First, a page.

If, following an investment appraisal a property is then purchased, then the investor needs to ensure that they stick too and keep control of costs, based upon their budget, which would have been a key part of their appraisal. From this point onwards any unexpected costs will start to impact on the return and if this is allowed to get out of control the investment starts to become less and less attractive. In order to minimise this happening the investor should have reviewed and understood the legal pack (auction purchase) and understood any specific legal responsibilities applicable to the property. Once contracts have been exchanged the investor will not be best pleased if they find out that the building is listed (protected), or there is a right of way running through the middle of the rear garden, or there is a restrictive covenant preventing certain types of development, all because they have not taken the time to read a legal pack or to get appropriate legal advice. This can prove very costly and has the potential to wipe out any investment return and could actually result in a loss.
Experienced property investors will realise that an investment is business and not personal, and they will therefore keep a tight control of what they are spending. They realise that costs of any work to a property will depend on the likely rental income and they will not make extravagant alterations and purchases that are not going to add anything to their investment return. It sometimes takes newer property investors a number of years to grasp this, where they will often ‘personalise’ a property to their tastes, assuming that everyone else likes and appreciates the same as them. Renting in certain areas will not demand high quality fixtures and fittings, therefore including these because an investor wants the building to ‘look good’ does not make any business sense whatsoever.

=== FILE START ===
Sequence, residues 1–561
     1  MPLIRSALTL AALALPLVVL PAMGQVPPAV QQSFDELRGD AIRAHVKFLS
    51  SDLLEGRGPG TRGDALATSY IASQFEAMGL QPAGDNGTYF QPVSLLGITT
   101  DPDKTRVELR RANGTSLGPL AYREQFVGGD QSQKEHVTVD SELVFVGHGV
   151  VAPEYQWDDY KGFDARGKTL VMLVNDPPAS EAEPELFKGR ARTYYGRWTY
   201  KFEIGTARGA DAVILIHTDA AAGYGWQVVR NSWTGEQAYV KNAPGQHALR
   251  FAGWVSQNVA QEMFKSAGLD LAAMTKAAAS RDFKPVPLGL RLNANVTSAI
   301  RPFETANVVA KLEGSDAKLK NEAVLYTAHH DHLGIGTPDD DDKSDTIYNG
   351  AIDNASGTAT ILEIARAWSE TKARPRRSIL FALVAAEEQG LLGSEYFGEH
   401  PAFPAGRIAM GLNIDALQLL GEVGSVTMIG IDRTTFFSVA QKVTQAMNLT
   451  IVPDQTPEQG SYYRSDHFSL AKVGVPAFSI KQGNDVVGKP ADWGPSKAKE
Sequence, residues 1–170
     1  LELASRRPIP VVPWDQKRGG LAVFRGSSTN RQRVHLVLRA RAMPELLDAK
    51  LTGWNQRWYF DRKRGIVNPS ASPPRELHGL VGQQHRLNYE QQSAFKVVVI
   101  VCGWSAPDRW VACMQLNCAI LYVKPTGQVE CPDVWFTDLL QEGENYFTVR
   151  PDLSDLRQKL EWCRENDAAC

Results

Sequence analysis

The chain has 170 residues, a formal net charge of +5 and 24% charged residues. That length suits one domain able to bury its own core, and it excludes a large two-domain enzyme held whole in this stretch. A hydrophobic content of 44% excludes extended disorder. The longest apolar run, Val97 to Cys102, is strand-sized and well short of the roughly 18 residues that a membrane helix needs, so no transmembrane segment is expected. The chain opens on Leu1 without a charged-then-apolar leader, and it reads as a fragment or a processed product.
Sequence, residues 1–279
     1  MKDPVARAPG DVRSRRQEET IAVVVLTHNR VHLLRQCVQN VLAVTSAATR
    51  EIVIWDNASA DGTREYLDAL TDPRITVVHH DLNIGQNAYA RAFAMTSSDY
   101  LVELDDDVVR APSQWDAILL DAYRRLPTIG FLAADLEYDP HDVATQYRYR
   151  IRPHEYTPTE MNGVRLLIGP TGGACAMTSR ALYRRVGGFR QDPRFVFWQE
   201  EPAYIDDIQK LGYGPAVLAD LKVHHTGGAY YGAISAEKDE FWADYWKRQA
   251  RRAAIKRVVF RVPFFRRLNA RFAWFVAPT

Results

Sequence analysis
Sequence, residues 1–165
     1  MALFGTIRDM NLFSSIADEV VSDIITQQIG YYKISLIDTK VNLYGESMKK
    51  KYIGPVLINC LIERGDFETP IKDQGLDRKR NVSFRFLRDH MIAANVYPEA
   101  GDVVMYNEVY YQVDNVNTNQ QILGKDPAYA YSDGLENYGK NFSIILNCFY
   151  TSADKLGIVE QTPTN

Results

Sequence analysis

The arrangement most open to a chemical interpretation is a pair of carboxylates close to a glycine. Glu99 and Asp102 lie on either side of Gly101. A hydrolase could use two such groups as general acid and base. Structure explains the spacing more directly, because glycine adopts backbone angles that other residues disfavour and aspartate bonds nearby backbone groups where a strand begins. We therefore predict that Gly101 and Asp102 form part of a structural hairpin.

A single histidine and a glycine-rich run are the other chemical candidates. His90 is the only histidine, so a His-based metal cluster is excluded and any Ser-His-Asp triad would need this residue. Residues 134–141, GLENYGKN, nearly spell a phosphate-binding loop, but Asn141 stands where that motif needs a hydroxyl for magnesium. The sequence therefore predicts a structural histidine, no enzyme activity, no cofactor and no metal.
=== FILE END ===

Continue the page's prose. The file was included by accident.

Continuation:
Making a profit from buy to let property investment is often portrayed in the media as something that is reasonably straightforward. Why this may be true for some, the truth however is that success will very much depend on how the investor assesses each investment to calculate the likely outlay and return and this will depend on how well they research a property before making the decision to purchase and how well they keep control of their budget. Of course, there is also managing tenants including collecting rents, property maintenance and repairs and complying with statutory requirements to consider once any works have been completed and tenants are in occupation. All in all there is money to be made from buy to let property investment however there is much more to it than people often realise. If you are considering a buy to let investment for the first time then hopefully you will find the content of this article of use.